It’s often recommended when making longer cooked stocks and bone broths to keep the liquid at such a gentle simmer that you can barely see evidence of it. Sometimes this is called making your broth “smile.” The purpose of this to keep your broths from getting cloudy and for keeping them gelatinous. But for shorter cooked broths, this isn’t really necessary. A light boil is fine. I find this will bring out more flavors in a shorter time period. In Asia, they often aggressively boil their short-cooked broths.
We typically make our broths separate from our soups here in America. But in Asia, it’s commonplace to simmer a few meaty pieces with other aromatics and herbs at the same time, thus creating your soup all in one shot.
A good example is Tom Saap, a Thai pork ribs soup.
One time I made a beautiful chicken broth that was heavy on the chicken flavor. I roasted the bones, simmered it quite a while, cooked it down and just made a divine tasting broth.
I used it as a base for a tom yum soup (a Thai hot and sour soup) and was surprised at the results.
It wasn’t good.
The chicken flavor totally overwhelmed the lemongrass, galangal, kaffir lime and other ingredients that are essential to tom yum. Tom yum requires a very lightly cooked broth so that the aromatics, the lime, chiles and the fish sauce meld and balance together. In this case, and in the case of many similar soups you don’t want overly flavorful broths.
Knowing what you’re going to use your broth for ahead of time will help you dictate how to prepare it. So in this case, I would NOT have roasted the bones.
Most people new to making broths start with a chicken and/or beef broth. Totally fine! But few people think of fish broth. It’s actually the easiest broth to make because you never want to simmer fish bones for more than an hour otherwise it tastes too fishy. It’s also the cheapest broth to make as most fishmongers will practically give away fish bones/carcasses for free.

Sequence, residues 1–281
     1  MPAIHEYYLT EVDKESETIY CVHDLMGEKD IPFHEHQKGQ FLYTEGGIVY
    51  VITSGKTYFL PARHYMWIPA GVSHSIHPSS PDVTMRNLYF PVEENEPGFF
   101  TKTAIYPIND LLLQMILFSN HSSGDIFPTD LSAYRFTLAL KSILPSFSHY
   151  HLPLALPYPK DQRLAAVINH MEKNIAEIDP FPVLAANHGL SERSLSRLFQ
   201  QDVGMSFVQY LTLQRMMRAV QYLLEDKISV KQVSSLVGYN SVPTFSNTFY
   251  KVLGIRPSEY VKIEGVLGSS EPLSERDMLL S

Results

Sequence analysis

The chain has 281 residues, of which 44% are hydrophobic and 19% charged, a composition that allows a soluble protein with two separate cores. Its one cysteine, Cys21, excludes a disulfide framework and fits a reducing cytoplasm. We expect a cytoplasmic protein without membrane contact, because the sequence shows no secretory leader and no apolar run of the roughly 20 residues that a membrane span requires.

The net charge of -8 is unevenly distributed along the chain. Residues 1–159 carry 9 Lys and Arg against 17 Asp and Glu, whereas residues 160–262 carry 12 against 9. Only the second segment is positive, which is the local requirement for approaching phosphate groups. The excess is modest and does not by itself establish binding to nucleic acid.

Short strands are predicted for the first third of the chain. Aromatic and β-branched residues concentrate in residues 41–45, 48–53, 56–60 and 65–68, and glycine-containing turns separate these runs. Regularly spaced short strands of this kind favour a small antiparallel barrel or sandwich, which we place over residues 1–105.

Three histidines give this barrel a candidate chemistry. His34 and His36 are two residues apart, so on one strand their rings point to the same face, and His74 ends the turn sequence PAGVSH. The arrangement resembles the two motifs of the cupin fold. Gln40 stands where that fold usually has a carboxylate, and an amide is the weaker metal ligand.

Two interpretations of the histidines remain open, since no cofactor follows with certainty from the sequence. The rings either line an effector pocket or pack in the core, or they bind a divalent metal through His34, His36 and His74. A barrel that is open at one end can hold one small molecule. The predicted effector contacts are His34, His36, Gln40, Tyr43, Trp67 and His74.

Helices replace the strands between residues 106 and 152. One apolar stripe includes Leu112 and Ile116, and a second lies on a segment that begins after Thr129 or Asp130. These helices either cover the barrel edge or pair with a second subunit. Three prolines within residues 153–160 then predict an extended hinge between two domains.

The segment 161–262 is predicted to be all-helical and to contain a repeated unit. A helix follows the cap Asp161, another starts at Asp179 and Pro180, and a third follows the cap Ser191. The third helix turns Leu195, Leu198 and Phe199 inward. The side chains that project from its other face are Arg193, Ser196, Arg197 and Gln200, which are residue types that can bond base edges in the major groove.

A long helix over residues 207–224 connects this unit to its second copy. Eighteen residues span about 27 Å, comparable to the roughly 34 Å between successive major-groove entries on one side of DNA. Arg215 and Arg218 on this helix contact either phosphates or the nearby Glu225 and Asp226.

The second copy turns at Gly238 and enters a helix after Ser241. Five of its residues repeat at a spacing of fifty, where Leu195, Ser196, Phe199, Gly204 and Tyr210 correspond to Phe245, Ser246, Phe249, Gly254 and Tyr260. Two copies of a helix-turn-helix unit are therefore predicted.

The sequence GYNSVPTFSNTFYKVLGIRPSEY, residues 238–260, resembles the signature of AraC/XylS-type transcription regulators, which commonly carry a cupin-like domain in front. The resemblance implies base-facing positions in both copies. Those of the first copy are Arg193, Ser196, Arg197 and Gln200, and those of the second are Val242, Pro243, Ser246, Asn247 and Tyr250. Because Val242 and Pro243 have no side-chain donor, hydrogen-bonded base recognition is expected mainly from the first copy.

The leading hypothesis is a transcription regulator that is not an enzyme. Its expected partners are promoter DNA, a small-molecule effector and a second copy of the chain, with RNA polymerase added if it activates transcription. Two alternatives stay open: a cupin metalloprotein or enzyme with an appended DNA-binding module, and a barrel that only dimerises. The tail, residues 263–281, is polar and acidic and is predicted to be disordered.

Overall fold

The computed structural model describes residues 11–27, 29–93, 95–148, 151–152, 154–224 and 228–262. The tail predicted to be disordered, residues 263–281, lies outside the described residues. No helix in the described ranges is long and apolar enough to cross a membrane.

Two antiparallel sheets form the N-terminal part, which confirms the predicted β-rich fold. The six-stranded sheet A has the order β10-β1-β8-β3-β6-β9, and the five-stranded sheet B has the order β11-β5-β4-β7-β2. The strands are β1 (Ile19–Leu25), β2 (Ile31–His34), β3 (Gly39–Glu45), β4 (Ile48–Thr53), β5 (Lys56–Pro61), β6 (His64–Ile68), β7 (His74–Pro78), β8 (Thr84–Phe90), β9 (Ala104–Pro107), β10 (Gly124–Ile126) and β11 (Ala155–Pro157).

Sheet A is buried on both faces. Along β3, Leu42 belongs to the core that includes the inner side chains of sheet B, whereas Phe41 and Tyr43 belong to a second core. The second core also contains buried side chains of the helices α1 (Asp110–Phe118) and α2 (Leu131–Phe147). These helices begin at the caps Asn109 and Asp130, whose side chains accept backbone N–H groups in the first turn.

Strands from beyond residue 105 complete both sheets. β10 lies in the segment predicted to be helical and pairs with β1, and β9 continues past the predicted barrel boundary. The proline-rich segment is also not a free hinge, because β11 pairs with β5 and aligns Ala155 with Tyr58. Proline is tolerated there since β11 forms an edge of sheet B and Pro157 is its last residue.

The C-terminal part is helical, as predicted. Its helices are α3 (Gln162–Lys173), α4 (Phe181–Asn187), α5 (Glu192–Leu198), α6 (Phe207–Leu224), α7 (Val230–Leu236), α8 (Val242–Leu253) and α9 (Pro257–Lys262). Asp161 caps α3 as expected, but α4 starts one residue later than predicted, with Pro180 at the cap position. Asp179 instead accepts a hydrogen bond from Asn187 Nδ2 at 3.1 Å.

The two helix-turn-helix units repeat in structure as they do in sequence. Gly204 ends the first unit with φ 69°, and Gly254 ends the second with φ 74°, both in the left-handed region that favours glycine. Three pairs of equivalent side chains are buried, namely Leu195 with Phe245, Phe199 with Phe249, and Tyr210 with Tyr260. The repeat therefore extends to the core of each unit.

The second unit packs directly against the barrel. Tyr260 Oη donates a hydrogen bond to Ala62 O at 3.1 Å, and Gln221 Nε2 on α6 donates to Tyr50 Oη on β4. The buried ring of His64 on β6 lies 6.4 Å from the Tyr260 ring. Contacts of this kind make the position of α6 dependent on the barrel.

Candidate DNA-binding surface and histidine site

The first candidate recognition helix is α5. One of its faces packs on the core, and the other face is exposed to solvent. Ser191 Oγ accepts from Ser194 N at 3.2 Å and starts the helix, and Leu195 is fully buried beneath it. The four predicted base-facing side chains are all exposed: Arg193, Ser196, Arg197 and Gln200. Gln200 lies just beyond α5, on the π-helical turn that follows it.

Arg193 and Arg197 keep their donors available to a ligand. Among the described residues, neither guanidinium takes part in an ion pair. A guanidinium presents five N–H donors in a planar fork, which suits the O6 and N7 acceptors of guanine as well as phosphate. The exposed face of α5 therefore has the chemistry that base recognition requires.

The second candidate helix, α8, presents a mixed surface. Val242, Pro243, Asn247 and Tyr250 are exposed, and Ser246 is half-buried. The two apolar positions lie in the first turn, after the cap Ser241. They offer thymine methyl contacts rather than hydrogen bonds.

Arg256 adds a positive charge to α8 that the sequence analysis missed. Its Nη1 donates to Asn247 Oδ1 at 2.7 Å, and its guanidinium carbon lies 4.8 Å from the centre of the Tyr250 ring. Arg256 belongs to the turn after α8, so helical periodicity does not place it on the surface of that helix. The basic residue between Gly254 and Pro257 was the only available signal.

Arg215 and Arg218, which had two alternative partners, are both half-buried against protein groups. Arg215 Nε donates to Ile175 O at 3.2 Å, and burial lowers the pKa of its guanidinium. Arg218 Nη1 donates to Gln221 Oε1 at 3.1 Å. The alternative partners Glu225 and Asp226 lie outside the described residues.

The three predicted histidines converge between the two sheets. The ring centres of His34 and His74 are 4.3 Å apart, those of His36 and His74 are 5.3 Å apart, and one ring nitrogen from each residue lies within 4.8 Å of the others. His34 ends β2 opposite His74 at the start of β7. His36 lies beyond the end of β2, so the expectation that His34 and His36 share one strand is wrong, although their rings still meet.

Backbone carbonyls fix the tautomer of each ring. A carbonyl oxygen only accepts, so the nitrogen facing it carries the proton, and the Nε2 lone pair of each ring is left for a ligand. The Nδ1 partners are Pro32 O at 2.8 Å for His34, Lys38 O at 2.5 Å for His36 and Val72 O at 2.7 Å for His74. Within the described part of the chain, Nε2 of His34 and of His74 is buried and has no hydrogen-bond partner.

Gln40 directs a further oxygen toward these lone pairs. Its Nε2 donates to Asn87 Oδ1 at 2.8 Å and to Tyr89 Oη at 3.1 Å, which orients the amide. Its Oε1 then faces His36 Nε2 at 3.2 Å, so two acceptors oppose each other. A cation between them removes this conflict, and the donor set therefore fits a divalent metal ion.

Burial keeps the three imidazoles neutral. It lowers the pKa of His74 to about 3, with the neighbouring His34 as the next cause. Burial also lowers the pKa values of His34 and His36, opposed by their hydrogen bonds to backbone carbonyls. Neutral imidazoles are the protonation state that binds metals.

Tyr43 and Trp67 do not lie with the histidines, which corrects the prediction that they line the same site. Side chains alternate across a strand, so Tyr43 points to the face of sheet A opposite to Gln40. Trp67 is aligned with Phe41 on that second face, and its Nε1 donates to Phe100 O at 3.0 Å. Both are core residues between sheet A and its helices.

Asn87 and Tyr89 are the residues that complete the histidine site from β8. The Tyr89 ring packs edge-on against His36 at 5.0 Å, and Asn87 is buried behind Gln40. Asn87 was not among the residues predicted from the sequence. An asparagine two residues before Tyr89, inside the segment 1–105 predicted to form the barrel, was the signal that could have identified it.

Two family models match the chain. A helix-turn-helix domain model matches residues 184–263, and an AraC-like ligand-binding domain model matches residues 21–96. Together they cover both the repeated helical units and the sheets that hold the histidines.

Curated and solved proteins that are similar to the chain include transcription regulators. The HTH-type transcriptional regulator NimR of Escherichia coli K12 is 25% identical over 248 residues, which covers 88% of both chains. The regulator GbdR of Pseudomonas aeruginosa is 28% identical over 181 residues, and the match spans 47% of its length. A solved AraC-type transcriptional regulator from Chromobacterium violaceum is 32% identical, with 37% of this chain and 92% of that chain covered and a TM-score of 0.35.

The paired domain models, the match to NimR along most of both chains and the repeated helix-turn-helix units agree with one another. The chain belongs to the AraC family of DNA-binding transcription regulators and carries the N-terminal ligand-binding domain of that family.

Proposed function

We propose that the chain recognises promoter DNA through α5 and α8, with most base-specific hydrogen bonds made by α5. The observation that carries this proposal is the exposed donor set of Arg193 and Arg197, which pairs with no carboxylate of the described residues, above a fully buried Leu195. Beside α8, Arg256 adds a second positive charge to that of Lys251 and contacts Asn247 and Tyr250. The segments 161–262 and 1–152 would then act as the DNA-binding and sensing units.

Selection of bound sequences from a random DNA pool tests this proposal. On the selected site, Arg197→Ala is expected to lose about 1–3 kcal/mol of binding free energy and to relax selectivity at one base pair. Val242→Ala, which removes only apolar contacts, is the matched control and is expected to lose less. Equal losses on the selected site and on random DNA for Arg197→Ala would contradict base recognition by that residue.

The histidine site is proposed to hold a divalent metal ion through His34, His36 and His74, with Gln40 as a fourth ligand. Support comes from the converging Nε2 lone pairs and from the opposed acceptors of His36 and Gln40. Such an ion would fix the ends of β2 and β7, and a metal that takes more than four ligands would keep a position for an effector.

You can even make a somewhat gelatinous fish broth in short time periods if you include fish heads, as the collagen in fish will leach out more quickly than in large bones from land-based animals.
See my post for making fish broth which includes a how-to video.
You may find that all you need is 45 minutes to develop a nice, light flavor. You may need a little more time, maybe as long as two hours. Always taste your broth as you go until you’re happy with it. If you find it’s not quite developing enough flavor, even after a few hours, it may be because you’ve added too much water. Continue to cook it down. The flavors will condense as the water evaporates.
Still doesn’t taste great?
I’ve had so many people tell me that their broths don’t taste very good and when I ask them if they’ve salted the broth the almost universally say “no.” Salt is magic!
Longer cooked broths will take on a natural salinity but for shorter cooked ones you’ll almost certainly need to add some seasoning for more flavorful broths and soups. In the case of many Asian broths and soups, this could certainly include salty seasonings like fish sauce or soy sauce.
A short-cooked broth with lots of flavor.
Craig Fear is the creator of Fearless Eating and the author of three books, The 30-Day Heartburn Solution, Fearless Broths and Soups and The Thai Soup Secret. After years helping clients with digestive issues, Craig decided to pursue writing full-time. He intends to write many more books on broths and soups from around the world! Click here to learn more about Craig.